Cambridge Spies: The Untold Story of McLean, Philby, and Burgess

Verne W. Newton, Author, Totem Books, Author Madison Books $26.95 (448p) ISBN 978-0-8191-8059-9
This is the first book to detail the U.S. activities of Kim Philby, Donald Maclean and Guy Burgess. The period covered is 1944 to 1951, when the ``Cambridge spies'' served in the British embassy in Washington, D.C., while conducting highly effective espionage for the Soviets. The dominant figure in these suspenseful pages is Donald Maclean, whom former CIA director Richard Helms described as ``the most valuable known Soviet agent ever to operate in the West.'' Freelance writer/filmmaker Newton reveals how Maclean provided Soviet dictator Joseph Stalin with a direct pipeline to important Western strategy conferences; at the same time he was exhibiting flagrantly self-abasing behavior in Washington social circles. Newton also describes Maclean's sensational escape with Burgess in 1951 as they defected to Moscow. (Philby joined them later.) Newton expertly guages the damage done to the West by this treacherous trio and attempts without much success to answer the nagging question of why they did it. (June)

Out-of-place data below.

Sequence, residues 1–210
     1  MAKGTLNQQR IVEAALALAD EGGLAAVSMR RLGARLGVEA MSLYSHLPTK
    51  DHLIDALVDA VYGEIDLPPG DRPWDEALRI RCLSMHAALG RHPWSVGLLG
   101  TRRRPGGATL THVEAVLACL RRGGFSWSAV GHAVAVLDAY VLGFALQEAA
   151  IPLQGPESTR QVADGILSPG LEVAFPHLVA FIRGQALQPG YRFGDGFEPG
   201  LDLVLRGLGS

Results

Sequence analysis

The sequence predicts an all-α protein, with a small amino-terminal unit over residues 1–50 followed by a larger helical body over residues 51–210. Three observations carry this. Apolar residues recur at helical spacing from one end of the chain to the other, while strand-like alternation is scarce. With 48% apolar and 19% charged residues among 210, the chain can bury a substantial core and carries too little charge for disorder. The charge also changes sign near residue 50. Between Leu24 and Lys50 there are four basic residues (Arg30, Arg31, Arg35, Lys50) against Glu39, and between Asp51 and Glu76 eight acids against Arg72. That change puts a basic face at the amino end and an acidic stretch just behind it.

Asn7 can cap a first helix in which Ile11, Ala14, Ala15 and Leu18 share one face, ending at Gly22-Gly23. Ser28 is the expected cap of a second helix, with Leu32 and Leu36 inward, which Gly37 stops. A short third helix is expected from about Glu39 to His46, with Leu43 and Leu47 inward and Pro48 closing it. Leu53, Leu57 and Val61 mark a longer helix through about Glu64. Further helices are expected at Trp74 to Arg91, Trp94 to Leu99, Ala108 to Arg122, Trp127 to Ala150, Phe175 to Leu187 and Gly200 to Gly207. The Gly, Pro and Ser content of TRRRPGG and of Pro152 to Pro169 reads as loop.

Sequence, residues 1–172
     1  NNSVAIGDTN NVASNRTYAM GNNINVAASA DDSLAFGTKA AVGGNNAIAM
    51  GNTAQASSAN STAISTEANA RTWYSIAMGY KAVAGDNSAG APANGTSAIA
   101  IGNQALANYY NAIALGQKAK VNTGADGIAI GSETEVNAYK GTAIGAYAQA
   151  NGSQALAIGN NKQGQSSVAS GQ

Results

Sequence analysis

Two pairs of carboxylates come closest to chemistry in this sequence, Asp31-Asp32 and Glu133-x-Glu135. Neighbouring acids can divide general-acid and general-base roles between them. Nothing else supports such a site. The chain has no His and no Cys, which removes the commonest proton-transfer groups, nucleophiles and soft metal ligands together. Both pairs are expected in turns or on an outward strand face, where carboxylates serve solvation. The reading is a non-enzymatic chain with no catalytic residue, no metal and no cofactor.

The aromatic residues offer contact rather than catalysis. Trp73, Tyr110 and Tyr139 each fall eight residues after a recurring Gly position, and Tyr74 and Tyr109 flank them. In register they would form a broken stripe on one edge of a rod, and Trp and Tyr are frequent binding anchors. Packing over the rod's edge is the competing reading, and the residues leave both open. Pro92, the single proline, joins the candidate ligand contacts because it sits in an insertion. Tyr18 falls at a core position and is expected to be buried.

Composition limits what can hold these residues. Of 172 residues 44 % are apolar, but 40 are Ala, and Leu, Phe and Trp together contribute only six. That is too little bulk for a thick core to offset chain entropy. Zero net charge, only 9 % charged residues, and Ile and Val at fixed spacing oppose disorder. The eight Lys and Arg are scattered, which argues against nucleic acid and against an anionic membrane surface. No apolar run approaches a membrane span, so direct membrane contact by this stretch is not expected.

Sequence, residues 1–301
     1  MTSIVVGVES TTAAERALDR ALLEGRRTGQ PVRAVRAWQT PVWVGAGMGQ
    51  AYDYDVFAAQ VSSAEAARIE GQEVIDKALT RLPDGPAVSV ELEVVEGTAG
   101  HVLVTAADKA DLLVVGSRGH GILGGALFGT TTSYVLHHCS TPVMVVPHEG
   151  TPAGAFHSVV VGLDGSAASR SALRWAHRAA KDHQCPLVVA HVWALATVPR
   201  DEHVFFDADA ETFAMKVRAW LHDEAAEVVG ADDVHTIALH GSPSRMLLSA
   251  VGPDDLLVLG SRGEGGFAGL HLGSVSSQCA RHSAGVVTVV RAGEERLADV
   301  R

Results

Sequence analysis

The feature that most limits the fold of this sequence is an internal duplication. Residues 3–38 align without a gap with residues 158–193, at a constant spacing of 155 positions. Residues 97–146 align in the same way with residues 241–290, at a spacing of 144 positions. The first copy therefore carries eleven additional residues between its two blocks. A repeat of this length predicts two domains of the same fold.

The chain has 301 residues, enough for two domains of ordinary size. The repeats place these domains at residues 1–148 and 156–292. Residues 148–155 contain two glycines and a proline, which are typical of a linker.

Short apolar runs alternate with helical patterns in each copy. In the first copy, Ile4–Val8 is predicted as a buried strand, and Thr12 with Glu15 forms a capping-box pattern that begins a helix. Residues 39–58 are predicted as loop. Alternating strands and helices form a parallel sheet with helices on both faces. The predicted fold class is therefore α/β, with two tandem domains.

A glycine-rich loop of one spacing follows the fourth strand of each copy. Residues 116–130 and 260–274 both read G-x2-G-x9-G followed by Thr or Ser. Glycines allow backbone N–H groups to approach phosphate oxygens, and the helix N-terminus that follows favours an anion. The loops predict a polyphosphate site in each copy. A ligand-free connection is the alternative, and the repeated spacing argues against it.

Reviewed on: 04/29/1991
Release date: 05/01/1991
Genre: Nonfiction
Paperback - 462 pages - 978-1-56833-006-8
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